My grandfather was something of a Renaissance Man.
He was a farmer, schoolteacher, fisherman, collector, real estate investor… and one of those guys who always seemed to know how to do everything.
He could take apart an engine, build a house with his bare hands, tame wild horses, treat life-threatening wounds, play the guitar… and he was extremely well respected in his community.
Plus, like many from his generation who grew up during the Great Depression, he was also a prolific saver.
Being highly mistrustful of banks, my grandparents dealt mostly in physical cash. They used to keep money in old coffee cans stuffed full of coins and bills.
Every now and again when the coffee cans became too numerous, they would buy government savings bonds.
Of course, that was a different world.
When my grandparents were saving, the government was actually solvent, and interest rates were ‘normal’. You could buy government bonds and expect a decent rate of return.
Plus the dollar was still linked to gold back then, so you could have a confident outlook on your currency.
At the same time, Social Security was also in good shape; you didn’t have to worry whether it was still going to exist when it came time for you to retire.
Sadly, it’s no longer the same today.
As we discussed on Friday, Social Security in the Land of the Free has a shortfall exceeding $40+ TRILLION according to its own annual report.
Simply put, this means that Social Security woefully lacks the funding to meet its obligations, particularly those to America’s future retirees.
This isn’t a problem strictly with Social Security either; one of the major Medicare trust funds (Disability Insurance) is literally days away from going completely broke.
And as the Financial Times reported recently, city and state pension funds across the United States have another multi-TRILLION dollar funding gap.
Nor is this problem distinctly American; the same conditions broadly exist across most of the developed world, especially in Europe.
So relying on just about any western government’s retirement program is an absolute sucker’s move.
Yet even if you take matters into your own hands and save for retirement on your own, you’re fighting an uphill battle at best.
Zero (or negative) interest rates around the world have practically destroyed any reasonable expectation of savings.
When my grandfather was saving, for example, he could buy a 1-year US government bond yielding 4% at a time when inflation was 1%.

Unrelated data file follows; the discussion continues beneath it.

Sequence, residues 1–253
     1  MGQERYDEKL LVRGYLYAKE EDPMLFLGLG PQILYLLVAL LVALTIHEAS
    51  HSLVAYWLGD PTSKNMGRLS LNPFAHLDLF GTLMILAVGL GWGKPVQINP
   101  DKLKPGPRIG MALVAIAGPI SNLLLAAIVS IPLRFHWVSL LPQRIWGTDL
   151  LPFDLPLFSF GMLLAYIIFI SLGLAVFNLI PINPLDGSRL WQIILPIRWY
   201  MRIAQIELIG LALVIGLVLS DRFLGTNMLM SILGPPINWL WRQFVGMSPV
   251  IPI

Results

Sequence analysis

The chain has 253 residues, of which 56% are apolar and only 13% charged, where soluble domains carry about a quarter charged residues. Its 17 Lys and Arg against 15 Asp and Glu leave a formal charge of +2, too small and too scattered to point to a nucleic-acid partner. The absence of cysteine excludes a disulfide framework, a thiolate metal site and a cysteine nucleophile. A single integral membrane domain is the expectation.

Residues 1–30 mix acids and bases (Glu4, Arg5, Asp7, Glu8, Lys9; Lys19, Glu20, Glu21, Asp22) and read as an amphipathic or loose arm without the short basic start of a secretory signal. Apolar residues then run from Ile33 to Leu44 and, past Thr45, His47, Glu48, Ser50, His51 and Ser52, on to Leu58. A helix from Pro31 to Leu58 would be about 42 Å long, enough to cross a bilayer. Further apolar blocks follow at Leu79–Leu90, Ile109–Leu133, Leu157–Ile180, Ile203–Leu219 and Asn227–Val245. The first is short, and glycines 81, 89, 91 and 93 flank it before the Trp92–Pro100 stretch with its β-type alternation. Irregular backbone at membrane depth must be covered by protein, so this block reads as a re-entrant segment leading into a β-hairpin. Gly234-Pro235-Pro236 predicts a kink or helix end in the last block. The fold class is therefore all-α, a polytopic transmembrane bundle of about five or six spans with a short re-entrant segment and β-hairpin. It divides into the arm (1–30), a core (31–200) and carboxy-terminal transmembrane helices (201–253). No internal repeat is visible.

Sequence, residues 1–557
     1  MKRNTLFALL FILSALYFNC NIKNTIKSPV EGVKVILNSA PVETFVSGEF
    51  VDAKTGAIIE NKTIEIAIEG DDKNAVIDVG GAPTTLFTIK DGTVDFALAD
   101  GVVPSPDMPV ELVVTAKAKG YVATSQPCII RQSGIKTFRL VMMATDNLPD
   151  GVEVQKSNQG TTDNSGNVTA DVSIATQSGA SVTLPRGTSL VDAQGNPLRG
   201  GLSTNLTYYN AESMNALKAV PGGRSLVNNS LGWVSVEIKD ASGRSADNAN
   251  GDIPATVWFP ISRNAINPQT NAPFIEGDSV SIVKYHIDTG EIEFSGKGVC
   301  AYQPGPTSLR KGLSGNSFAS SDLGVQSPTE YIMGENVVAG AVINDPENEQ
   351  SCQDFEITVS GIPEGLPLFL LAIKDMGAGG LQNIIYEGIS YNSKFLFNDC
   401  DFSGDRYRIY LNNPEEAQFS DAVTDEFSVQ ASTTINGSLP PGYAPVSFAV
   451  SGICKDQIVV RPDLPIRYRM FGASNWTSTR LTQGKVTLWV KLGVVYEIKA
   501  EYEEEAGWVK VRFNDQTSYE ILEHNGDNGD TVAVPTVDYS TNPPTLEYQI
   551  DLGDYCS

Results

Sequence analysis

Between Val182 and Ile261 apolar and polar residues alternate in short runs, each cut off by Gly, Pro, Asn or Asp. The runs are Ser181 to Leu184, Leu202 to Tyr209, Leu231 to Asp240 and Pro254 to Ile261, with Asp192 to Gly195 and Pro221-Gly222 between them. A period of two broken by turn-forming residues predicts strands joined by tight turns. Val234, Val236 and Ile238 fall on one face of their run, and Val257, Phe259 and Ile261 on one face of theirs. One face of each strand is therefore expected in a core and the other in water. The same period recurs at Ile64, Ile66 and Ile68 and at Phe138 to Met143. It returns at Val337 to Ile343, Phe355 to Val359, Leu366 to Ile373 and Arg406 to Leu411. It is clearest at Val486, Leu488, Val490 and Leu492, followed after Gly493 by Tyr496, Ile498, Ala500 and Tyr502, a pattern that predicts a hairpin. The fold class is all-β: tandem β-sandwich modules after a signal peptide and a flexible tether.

That’s a 3% return when adjusted for inflation. Not huge, but for him it was risk free.
Today, the latest government report shows the US inflation rate at 0.9%; yet that same 1-year US government bond yields just 0.53%.
In other words, today you lose more money to inflation than you earn in interest.
So saving money guarantees that you will LOSE after adjusting for inflation, at a time when the US government’s finances have never been more precarious. Crazy.
According to Blackrock CEO Larry Fink (the largest money management firm in the world), people today have to set aside THREE TIMES AS MUCH money to save for retirement as their parents and grandparents did because of these low interest rates.
So not only are you facing a no-win situation with government retirement options like pensions and Social Security, but even saving money on your own requires three times as much sacrifice.
How is someone supposed to put their kids through an astonishingly expensive university system, pay for the shocking cost of medical care, AND set aside three times as much for retirement??
It almost sounds impossible.
Now, this isn’t intended to be a downer. What I really hope to point out is that CONVENTIONAL options and strategies just don’t work anymore.
Buying ‘risk free’ bonds, dumping money in a mutual fund, and waiting for the government pension to kick in just won’t produce the results that it used to.
The truth is there are entire asset classes and niche investments out there that can generate vastly superior rates of return without having to take on substantial risk.
And best of all, these niche assets and corners of the market are only available for smaller investors.
If you buy big, conventional blue chip stocks and funds, there are dozens of ways you’re getting fleeced by Wall Street and City of London.
High-frequency traders, re-hypothecation, bank solvency issues, collusive price fixing, etc. Finance is a big insider boy’s club… and we’re not in it.
But niche investments are way too small for these giant sharks.
Goldman Sachs is probably not going to get into the Burmese art market anytime soon. And that’s not even a good example.